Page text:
Next, they’ll have the option of saying how much they can afford. They can choose low, medium or high. But the website makes it clear that the amount paid likely affects the amount of experience. As with many other professions, the more the consumer is willing to pay, the greater the level of expertise they’ll receive.

A 2014 research project done by the Texas A&M University School of Law found that providing legal services for people with lower incomes is an area of great concern. It pointed out that while more than 81 million households earned less than the median income of $51,017 in 2012, many of these individuals made too much to qualify for free legal services. The new Find-a-Lawyer will give people in lower incomes the ability to find the right lawyer at the right price.

Once the legal project is posted, Arizona lawyers who practice in that area of law will get an email about the case. They can respond to the consumer with information about how they can help, including information about price. If the consumer gets multiple responses, they can choose which lawyer will meet their needs.

People who have limited financial means can also post cases. They’ll be asked to provide information about their income and the number of people in their home. Lawyers willing to help can contact the individuals directly, although it’s important to point out there are only a limited number of free cases handled each year.

While lawyers will pay an annual fee to respond to cases, there is no charge per case and no fee splitting. That potentially means lower costs to the consumer.

Find-a-Lawyer can be easily accessed by smartphones, tablets and desktop computers, making it a next-generation tool. It makes the process of hiring an attorney painless and puts the consumer in control.

To learn more just go to AZBar.org and click Find-a-Lawyer.

ASU Arizona State Law Journal logo USE THIS

The Arizona State Law Journal hosts its annual banquet on Wednesday, April 4, 2018.

Jennings Strouss general counsel Scott Rhodes will be honored at the annual Arizona State Law Journal 2018 Awards Banquet. It will be held on Wednesday, April 4, 2018, from 5:30 to 9:00 pm. The banquet will be held in Room 544 of the Sandra Day O’Connor College of Law’s Beus Center for Law and Society in downtown Phoenix, 111. E. Taylor Street.

Rhodes will receive the 2018 John S. Lancy Distinguished Alumni Award. Other outstanding members, as well as Executive Board members, also will be recognized.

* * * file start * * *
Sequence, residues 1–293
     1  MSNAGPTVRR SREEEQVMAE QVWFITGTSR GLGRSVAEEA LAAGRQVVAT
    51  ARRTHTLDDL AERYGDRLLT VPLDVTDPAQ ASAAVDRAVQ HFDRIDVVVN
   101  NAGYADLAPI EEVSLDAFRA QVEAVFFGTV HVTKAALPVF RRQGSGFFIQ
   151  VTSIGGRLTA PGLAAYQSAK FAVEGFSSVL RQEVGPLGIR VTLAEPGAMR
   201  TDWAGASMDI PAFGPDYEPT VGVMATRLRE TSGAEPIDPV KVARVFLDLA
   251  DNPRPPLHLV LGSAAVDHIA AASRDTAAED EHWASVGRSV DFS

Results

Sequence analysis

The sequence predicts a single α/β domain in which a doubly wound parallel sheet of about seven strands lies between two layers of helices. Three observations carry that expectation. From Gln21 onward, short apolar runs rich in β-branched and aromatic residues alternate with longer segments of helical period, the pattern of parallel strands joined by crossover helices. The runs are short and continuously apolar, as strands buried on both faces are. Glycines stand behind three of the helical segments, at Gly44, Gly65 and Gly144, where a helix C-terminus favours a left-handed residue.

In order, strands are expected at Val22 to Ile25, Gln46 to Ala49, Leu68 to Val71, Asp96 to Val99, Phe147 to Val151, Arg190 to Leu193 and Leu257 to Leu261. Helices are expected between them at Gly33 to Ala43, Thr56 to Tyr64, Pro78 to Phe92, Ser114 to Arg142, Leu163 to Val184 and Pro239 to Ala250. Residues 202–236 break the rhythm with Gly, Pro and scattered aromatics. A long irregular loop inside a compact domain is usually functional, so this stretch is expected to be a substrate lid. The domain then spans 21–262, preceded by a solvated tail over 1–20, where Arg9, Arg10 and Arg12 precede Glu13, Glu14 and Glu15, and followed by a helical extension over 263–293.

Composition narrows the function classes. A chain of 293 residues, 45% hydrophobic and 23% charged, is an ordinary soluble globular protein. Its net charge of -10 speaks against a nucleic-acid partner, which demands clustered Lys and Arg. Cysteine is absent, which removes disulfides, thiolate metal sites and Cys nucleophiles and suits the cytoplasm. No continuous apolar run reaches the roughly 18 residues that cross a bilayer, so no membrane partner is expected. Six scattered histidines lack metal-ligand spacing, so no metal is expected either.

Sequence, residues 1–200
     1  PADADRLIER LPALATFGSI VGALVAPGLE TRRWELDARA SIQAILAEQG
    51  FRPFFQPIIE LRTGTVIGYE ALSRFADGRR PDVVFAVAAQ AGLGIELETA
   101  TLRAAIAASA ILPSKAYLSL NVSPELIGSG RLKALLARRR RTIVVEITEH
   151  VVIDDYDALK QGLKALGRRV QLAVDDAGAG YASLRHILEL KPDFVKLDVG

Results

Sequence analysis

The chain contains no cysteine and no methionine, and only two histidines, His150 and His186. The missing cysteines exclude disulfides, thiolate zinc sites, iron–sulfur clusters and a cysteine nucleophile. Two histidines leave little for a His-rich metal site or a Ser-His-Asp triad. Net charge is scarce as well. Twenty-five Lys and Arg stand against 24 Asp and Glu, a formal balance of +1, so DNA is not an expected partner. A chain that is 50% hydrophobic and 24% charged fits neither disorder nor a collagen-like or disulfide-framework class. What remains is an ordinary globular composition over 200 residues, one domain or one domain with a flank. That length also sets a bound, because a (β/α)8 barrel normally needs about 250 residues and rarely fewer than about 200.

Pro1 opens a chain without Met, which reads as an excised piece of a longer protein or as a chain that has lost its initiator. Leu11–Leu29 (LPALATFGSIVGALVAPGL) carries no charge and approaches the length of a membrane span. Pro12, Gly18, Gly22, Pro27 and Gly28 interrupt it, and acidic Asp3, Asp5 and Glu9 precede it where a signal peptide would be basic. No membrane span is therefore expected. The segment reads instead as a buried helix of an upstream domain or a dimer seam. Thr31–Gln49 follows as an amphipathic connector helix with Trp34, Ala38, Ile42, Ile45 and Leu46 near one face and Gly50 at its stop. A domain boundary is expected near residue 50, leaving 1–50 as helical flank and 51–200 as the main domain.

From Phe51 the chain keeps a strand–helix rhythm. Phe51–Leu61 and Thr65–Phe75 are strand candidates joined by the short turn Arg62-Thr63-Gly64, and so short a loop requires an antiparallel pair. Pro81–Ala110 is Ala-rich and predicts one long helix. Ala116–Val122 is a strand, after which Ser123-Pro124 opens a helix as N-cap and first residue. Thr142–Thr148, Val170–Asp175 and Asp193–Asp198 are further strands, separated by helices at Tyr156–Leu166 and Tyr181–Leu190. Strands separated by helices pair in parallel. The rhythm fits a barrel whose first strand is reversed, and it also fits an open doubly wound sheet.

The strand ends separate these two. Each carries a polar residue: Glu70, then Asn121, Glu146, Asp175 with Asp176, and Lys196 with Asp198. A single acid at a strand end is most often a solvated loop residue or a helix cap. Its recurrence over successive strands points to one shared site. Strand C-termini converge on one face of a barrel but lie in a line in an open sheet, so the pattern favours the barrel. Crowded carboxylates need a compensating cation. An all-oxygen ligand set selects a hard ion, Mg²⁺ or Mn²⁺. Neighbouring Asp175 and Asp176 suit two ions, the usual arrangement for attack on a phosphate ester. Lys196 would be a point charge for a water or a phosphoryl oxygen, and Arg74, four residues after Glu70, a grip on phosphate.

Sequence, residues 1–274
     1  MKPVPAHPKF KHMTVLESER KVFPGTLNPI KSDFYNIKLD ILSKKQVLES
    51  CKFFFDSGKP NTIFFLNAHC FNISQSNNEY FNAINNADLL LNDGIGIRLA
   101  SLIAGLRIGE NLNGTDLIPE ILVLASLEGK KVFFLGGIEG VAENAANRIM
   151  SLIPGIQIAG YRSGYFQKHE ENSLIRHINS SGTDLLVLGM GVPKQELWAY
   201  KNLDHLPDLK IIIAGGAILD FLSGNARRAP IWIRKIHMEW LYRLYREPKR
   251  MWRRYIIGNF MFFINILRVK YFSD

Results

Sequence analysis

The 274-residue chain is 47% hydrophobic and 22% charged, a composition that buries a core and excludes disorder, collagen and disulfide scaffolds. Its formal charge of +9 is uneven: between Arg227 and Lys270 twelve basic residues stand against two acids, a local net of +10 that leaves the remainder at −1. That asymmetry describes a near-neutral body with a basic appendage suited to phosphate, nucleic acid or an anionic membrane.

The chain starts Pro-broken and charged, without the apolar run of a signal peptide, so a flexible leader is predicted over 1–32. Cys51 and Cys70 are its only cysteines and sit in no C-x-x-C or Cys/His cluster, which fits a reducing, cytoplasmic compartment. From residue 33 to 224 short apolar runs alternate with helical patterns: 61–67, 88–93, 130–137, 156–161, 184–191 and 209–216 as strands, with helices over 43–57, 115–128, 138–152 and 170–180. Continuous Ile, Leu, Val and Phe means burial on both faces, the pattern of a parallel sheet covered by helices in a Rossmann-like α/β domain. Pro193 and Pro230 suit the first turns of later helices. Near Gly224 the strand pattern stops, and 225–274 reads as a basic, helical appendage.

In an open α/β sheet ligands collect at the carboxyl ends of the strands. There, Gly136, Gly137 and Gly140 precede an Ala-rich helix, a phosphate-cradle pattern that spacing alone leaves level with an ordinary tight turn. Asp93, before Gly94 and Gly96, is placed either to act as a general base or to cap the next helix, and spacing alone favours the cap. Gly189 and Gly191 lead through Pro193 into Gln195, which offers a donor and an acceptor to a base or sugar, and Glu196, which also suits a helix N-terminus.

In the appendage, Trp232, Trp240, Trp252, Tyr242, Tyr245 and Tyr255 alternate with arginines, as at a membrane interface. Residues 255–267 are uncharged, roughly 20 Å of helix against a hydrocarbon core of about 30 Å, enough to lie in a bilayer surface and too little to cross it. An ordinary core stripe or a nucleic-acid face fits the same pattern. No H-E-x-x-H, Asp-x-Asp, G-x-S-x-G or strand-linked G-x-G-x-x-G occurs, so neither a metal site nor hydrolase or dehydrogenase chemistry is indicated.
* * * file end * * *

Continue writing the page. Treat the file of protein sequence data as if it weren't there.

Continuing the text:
John S. Lancy was the Law Journal’s first Editor-in-Chief in 1969–1970, selected by the Faculty Board of Editors. He also was a member of the founding class of what was then the ASU College of Law. He had a successful legal career that included a Ninth Circuit clerkship, service as an airline in-house counsel, and private practice at Quarles Brady Streich Lang. In 2001, he died at age 56 after battling brain cancer for 20 months.

The award named for Lancy is presented to “Journal alumni who have demonstrated a standard of selfless integrity, humility, and charity in the legal field that warrants the recognition and acclaim of their peers.” (More detail here.)

Tickets to the event – and sponsorship opportunities – are available here.

Currently, event sponsors are: Jennings Strouss; Dickinson Wright PLLC; Gammage & Burnham; JDA Software, Inc.; Quarles & Brady LLP; Ryley Carlock & Applewhite; Bowman and Brooke LLP; Fennemore Craig; Gammage & Burnham; Lubin & Enoch PC; Perkins Coie; Polsinelli; and Snell & Wilmer LLP.

Attorney Scott Rhodes accepting the 2010 State Bar Member of the Year Award.

Attorney Scott Rhodes accepting the 2010 State Bar Member of the Year Award.

You can read more about Scott Rhodes here. The State Bar of Arizona selected the attorney – AV-rated by Martindale Hubbell – as a 2010 Member of the Year.

The Arizona State Law Journal is the law school’s primary scholarly publication. It is student-run, comprised of 35 Staff Writers (2Ls) and 31 Editors (3Ls).

 

News from my colleague Alberto Rodriguez, Public Relations Manager at the State Bar of Arizona:

sba_logo_color State Bar of ArizonaThe State Bar of Arizona and ABC15 held the year’s first Let Joe Know, Ask a Lawyer Phone Bank on Wednesday, January 10. This new partnership between the Bar and ABC15 is proving to be a valuable resource for our community as volunteer lawyers answered an impressive 166 calls during the two-hour phone bank focused on family law.

The Bar’s role as a partner and organizer of the phone bank is to help connect ABC15 viewers, and the community at large, with licensed attorneys for sound legal advice.

ABC15 logo

The following is a brief recap of the phone bank:

 Nine attorneys volunteered at the 5:00 to 7:00 p.m. event:

  • Angela Duhon, Duhon Law
  • Rachel Frazier Johnson, Rachel Frazier Johnson Law
  • Paul A. Jozef, Center for Complete Communication
  • Diana K. March, Law Offices of March & March
  • Robert A. March, Law Offices of March & March
  • Sonia Martinez, Law Office of Sonia Martinez
  • Ashley B. Rahaman, Stewart Law Group
  • Daniel A. Rodriguez, Law Office of Daniel A. Rodriguez
  • Billie Tarascio, Modern Law
Joe Ducey of ABC15's Let Joe Know program

Joe Ducey of ABC15’s Let Joe Know program

ABC15’s Joe Ducey used his Let Joe Know Facebook page to promote the phone bank and encouraged social media enthusiasts to ask their questions during his live broadcast. He also had lawyers answer their questions during the newscast. An additional 14 consumers were helped via social media.